Memory Processes

Topics: Memory processes, Memory, Hippocampus Pages: 15 (1762 words) Published: April 1, 2014
General Psychology: Chapter 7

1.
2. The study of memory primarily involves examining the processes of 3. A)
4. extinction, generalization, and discrimination.
B)
reinforcement, primacy, and recency.
C)
classical conditioning and operant conditioning.
D)
encoding, storage, and retrieval.

5.
6. Encoding is the memory process primarily concerned with
7. A)
8. getting information into memory.
B)
retaining information over time.
C)
taking information out of storage.
D)
registering information with our senses.

9.
10. Storage is the memory process primarily concerned with
11. A)
12. getting information into memory.
B)
retaining information over time.
C)
taking information out of storage.
D)
registering information with our senses.

13.
14. Retrieval is the memory process primarily concerned with 15. A)
16. getting information into memory.
B)
retaining information over time.
C)
taking information out of storage.
D)
registering information with our senses.

17.
18. You and your friend are at a party. In order to introduce your friend to a person you have met recently, you must 19. A)
20. encode that person's name.
B)
retrieve that person's name.
C)
store that person's name.
D)
recode that person's name.

21.
22. Divided attention occurs when
23. A)
24. one is engaging in selective attention.
B)
when one is focusing on a stimulus.
C)
when one is focusing on several stimuli.
D)
when one is processing information.

25.
26. Which of the following is not associated with the level of processing theory? 27. A)
28. shallow level
B)
intermediate level
C)
middle level
D)
deeper level

29.
30. Information processed at an intermediate level
31. A)
32. is analyzed in terms of its physical features
B)
is recognized and given a label
C)
is processed in terms of its meaning
D)
is processed in terms of its associations

33.
34. You are reading a book, and your friend Rachel asks you a question. By the time you say, “Sorry, what did you say?” you “hear” her question in your head. This is due to 35. A)
36. echoic memory.
B)
long-term sensory memory.
C)
working memory.
D)
iconic memory.

37.
38. Driving down a busy street, your ___________ memory likely takes note of visual stimuli, but does not encode or retain this information. 39. A)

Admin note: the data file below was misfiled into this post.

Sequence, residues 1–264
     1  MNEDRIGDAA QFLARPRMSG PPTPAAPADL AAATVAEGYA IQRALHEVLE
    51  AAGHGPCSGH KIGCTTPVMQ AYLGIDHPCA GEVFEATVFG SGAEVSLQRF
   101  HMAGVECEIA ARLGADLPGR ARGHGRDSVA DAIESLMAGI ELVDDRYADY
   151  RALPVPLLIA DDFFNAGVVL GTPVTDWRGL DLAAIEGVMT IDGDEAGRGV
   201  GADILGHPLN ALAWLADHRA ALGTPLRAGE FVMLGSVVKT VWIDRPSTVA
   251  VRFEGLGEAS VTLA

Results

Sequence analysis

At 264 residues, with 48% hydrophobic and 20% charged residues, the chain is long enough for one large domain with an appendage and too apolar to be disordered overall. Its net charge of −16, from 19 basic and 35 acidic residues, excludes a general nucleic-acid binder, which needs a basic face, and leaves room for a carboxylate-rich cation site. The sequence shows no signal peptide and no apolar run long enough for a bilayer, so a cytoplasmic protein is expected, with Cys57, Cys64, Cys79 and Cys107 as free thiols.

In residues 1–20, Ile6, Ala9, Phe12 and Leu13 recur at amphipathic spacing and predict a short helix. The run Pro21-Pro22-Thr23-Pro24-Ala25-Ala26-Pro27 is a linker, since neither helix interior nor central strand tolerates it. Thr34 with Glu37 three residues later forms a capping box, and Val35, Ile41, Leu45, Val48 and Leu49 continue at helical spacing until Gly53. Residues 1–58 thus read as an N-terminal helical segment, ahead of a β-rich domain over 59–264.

40. sensory
B)
echoic
C)
short
D)
episodic

41.
42. Iconic memory is retained for
43. A)
44. an hour.
B)
1 second.
C)
30 seconds.
D)
1/4 of a second.

45.
46. Echoic memory is retained for
47. A)
48. a lifetime.
B)
several seconds.
C)
1/4 of a second.
D)
long-term use.

49.
50. Repeating a list of words several times, so you can better remember them, refers to the encoding process known as 51. A)
52. rehearsal.
B)
deep processing.
C)
elaboration.
D)
organization.

53.
54. What would be the best way to chunk the letters CATPUPPYBIRD? 55. A)
56. CA TPU P PYB IRD
B)
CAT PUPPY BIRD
C)
ABCDIPPPRTUY
D)
YUTRPPPIDCBA

57.
58. Which of the following statements is true concerning working memory? 59. A)
60. The capacity of working memory is essentially the same as that of long-term memory. B)
Working memory is rarely able to hold more than 5-9 units of information. C)
Information remains in working memory for extended periods of time. D)
The capacity of working memory is infinite.

61.
62. Which is another term commonly used for short-term memory? 63. A)
64. retroactive memory
B)
cognitive memory
C)
functional memory
D)
working memory

65.
66. How does Baddeley's view of working memory compare to that of Atkinson and Shiffrin? 67. A)
68. Baddeley views working memory as more complex than do Atkinson and Shiffrin. B)
Baddeley believes that working memory's capacity is larger than 9 items. C)
Baddeley views working memory as essentially the same as long-term memory. D)
Baddeley believes that working memory has a greater duration than 30...
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